What do you see in terms of trend regarding credit ratings which are linked to ESG topics?
In terms of impact on credit ratings, ESG has had a minimal impact so far. The reason for this is a lack of data to be able to prove whether or not the capacity of the borrower to pay back is better or less good if they have an energy efficient property, for example. Having said that, in the Dutch mortgage market we have seen concrete positive data points concerning the social aspect of ESG. We have been able to understand that the borrowers’ payment capacity is better when their mortgages are covered by the Dutch national mortgage guarantee NHG.
Have there been direct results due to these findings?
Yes, Fitch Ratings applies lower stresses for Dutch mortgages with an NHG guarantee which is reflected in its credit rating criteria and, hence, less credit enhancement for the structure. This looks at the loans through a social-related ESG lens, which could also reflect positively on ESG relevance scores.
How about Energy Performance Certificates on housing?
EPCs are very challenging because they are very heterogenous in Europe. The European Commission is in the process of revising the Energy Performance of Building Directive which will hopefully drive some convergence and enable more consistent data in the future. But this is a global challenge.
What is unique about the Fitch ESG rating method?
We are capable of informing the market from both a credit perspective and from an impact perspective. When users want to assess financial materiality of ESG they can read our credit reports. If they want the impact aspect they can refer to our ESG Rating reports. Sustainable Fitch is powered by human insight and has differentiated Fitch for over 100 years.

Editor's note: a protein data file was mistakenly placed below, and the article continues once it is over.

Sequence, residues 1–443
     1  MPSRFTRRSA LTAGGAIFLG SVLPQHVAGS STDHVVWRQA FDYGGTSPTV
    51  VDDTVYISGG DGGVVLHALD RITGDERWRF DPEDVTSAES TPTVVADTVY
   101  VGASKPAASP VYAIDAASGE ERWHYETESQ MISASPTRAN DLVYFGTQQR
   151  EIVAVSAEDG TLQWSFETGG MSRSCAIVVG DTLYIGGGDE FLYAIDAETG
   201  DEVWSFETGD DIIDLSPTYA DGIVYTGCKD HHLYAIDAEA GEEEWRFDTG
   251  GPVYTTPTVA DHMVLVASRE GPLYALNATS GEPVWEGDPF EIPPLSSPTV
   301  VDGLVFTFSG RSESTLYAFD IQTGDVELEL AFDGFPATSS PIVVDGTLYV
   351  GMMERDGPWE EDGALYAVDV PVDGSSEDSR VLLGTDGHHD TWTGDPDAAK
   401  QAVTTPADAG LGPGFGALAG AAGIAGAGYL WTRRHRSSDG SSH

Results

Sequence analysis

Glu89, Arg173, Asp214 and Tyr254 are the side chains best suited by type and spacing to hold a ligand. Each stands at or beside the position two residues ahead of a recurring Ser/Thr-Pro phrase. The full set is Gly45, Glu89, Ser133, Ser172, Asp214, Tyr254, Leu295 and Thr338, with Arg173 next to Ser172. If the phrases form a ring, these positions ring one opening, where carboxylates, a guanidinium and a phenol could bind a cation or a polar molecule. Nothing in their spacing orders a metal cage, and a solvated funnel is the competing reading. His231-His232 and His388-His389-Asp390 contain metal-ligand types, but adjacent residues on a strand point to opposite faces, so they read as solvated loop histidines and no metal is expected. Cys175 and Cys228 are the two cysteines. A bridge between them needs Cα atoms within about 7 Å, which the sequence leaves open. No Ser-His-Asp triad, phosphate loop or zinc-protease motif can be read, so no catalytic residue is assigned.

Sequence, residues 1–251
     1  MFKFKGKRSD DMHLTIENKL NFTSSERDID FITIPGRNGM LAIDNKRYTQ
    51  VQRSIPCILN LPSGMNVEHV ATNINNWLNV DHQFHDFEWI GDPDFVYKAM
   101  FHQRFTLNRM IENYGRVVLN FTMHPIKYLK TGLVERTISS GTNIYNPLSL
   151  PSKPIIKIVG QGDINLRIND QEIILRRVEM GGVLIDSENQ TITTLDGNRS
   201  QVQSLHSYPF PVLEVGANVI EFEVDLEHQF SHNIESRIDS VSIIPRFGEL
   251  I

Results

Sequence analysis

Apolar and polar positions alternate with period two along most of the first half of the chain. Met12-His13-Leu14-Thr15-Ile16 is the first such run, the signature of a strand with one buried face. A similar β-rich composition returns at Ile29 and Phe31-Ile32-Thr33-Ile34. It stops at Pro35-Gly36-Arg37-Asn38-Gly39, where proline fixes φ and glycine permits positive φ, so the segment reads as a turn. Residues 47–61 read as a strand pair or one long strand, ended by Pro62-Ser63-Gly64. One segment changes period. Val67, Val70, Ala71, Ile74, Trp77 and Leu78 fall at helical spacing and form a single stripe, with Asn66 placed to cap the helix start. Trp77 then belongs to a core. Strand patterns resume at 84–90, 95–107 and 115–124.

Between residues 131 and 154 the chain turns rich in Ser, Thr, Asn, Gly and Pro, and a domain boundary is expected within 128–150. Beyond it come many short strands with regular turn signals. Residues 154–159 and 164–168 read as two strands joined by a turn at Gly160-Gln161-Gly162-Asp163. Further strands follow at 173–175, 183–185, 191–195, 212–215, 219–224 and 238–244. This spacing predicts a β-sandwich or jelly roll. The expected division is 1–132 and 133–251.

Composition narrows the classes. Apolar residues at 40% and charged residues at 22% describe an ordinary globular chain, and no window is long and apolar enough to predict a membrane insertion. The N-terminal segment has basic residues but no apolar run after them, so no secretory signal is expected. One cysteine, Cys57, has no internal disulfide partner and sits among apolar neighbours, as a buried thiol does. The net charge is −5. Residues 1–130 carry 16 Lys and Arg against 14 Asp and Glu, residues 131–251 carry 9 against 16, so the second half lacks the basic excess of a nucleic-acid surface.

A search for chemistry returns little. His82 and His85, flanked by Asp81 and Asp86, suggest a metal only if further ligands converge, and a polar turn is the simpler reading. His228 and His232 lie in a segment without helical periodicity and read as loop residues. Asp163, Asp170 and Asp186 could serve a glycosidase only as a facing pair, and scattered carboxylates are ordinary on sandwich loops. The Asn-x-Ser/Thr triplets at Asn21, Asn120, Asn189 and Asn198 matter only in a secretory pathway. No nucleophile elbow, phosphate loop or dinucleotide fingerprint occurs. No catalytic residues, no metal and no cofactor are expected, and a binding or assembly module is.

Is this approach gaining traction in the market?
ESG is becoming increasingly important in the market both from a regulatory perspective and from an investors point of view. Companies realise that to access the market for funds, they have to give greater visibility on their non-financial statements, and that includes ESG-related information.
Does this trend help in terms of ESG data, which you mentioned is scarce?
The good news is that financial statements currently attempt to collect as much sustainability and ESG data as possible but oftentimes data is not consistent across companies. There is a real need for more standardised definitions before we can really make some sense of certain things.
Are there other aspects of the Dutch market which you look at which illustrate the state of the market in your view?
The Dutch market is very interesting, certainly in that it provides quite extensive energy efficiency data for residential mortgages. From an Impact point of view that’s very positive as it makes bond frameworks more transparent.
Have you seen any developments in Europe regarding sustainable auto loan securitisations?
In Europe, there have not yet been any EV securitisations. But I would hope to see one soon.
Are there other developments in ESG-related securitisation we should look out for?
There seem to be different pockets of activity worldwide in terms of ESG-related securitisations, mainly asset driven. In the US we have seen solar panel loan securitisations, EV loans through Tesla, and Fanny Mae is involved in providing mortgages specifically for energy efficient residential properties within a green bond framework. China has established the aforementioned guidelines for green assets as reflected in consumer EV lending with strict use of proceeds conditions. So, there are currently interesting developments happening in different places.
What are you hoping to see yourself personally at the Amsterdam Securities Event?
It will be great to catch up on new developments in the Netherlands and other countries, and, in terms of ESG, more and more people seem to be speaking the same language, nowadays, which is encouraging!
For more information or tickets, visit the eventpage of the Securitisation Event 2023.